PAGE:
Wednesday, June 01, 2022
Southern Skywatch June 2022 edition is now out!
Morning sky on Saturday June 4 as seen from Adelaide at 6:17 am ACST (690 minutes before sunrise). Saturn, Jupiter, Mars, Venus and Mercury form a line (Uranus, Neptune ad the Asteroid Vest are in the line too, but all need at least binoculars to see) .
The insets show the telescopic appearance of the planets at this time.
Similar views will be seen from the rest of Australia at the equivalent local time (60 minutes before sunrise, click to embiggen).
The June edition of Southern Skywatch
is now up. The planetary action is in the morning sky with five bright planets, Venus, Mars, Saturn and Jupiter in the morning sky. Towards mid-month Saturn is visible in the late evening sky.
June 1; Mars and Jupiter close in the morning sky. June 2; apogee Moon. June 8; First Quarter Moon.June 11-13 Venus within 2 finger-widths of Uranus. June 14; Full Moon. June 15; perigee Moon. June 17; Mercury at its greatest distance above the morning horizon, June 18(morning 19); Saturn and waning Moon close. June 22-23; Mercury forms a second eye with Taurus the Bull. June 22; the waning Moon near Jupiter. June 23; Last Quarter Moon. June 23; Mars close to crescent moon. June 26; the thin crescent Moon is above Venus, forming a line with Aldebaran and Mercury, with the Pleiades nearby. June 27; the thin crescent Moon forms a rectangle with Mercury, Venus and Aldebaran. June 29; New Moon. June 30; Venus forms a second eye for Taurus the Bull. June 30-31, Mars near the brightening variable star Mira.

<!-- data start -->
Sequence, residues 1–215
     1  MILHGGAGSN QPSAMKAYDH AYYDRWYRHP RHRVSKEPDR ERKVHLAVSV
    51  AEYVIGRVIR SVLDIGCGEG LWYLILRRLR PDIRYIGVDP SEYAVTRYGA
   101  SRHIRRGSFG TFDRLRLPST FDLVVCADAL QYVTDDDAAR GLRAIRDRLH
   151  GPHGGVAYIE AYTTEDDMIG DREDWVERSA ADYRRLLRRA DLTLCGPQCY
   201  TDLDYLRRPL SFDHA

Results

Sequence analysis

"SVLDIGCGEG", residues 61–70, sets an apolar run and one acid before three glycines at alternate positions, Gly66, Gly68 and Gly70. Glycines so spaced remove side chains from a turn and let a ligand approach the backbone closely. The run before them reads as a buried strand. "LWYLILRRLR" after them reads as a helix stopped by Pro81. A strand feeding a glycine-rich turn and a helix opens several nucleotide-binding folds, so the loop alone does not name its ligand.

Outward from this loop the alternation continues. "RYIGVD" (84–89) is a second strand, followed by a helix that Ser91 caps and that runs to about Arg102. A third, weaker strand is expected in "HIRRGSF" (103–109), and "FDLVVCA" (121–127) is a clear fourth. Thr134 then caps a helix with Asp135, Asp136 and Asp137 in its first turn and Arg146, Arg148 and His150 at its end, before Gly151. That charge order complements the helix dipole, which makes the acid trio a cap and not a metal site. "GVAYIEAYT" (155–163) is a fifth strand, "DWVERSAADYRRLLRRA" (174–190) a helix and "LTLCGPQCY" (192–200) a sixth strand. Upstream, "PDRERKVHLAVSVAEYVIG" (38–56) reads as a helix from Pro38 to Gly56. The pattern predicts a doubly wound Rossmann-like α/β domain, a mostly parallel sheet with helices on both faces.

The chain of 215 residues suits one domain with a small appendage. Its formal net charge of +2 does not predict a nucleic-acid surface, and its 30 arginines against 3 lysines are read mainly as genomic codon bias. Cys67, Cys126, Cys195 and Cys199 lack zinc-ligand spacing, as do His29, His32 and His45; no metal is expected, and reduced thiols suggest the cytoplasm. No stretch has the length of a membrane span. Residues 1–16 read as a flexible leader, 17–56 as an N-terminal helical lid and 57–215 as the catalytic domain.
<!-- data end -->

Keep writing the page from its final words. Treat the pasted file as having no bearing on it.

Mercury returns to the morning sky. But is low to the horizon until after the first week, then its is visible rising towards sinking Venus. It is at its greatest distance above the horizon on the 17th then sinks back. It forms a second eye for Taurus the Bull on the 22nd. On the 27th the thin crescent Moon forms a rectangle with Mercury, Venus and Aldebaran.
Venus starts the month below the pair of Mars and Jupiter. Venus sinks towards the horizon towards mercury and Uranus. On the 11th to 13th Venus and Uranus are within 2° of each other and are visible together in binoculars of wide field telescope eye pieces.
On the 26th Venus and the thin crescent Moon are close, the Pleiades and Aldebaran and Mercury make this an attractive sight. On the 30th Venus forms a second eye for Taurus the Bull.
Earth is at solstice on Tuesday the 21st, when the day is shortest.
Mars and Jupiter start the month very close, not as spectacular as May 30th, the pair being 1.5 ° apart. After this Jupiter climbs away from Mars. On June 23, Mars is less than 1. ° from the crescent Moon.
Jupiter Jupiter climbs higher in the morning sky and is an excellent telescopic object if you can get up that early. On the 22nd Jupiter is close to the waning Moon, forming a narrow triangle with Mars.
Saturn now enters the evening sky, but remains best in the morning skies, from about the third week Saturn will be sufficiently high in the sky to clear a cluttered horizon, but not high enough for good telescopic observation. Saturn forms a shallow triangle with delta and gamma capricorni.
On the 19th the waning Moon is close to Saturn (not spectacularly though).
Labels: southern skywatch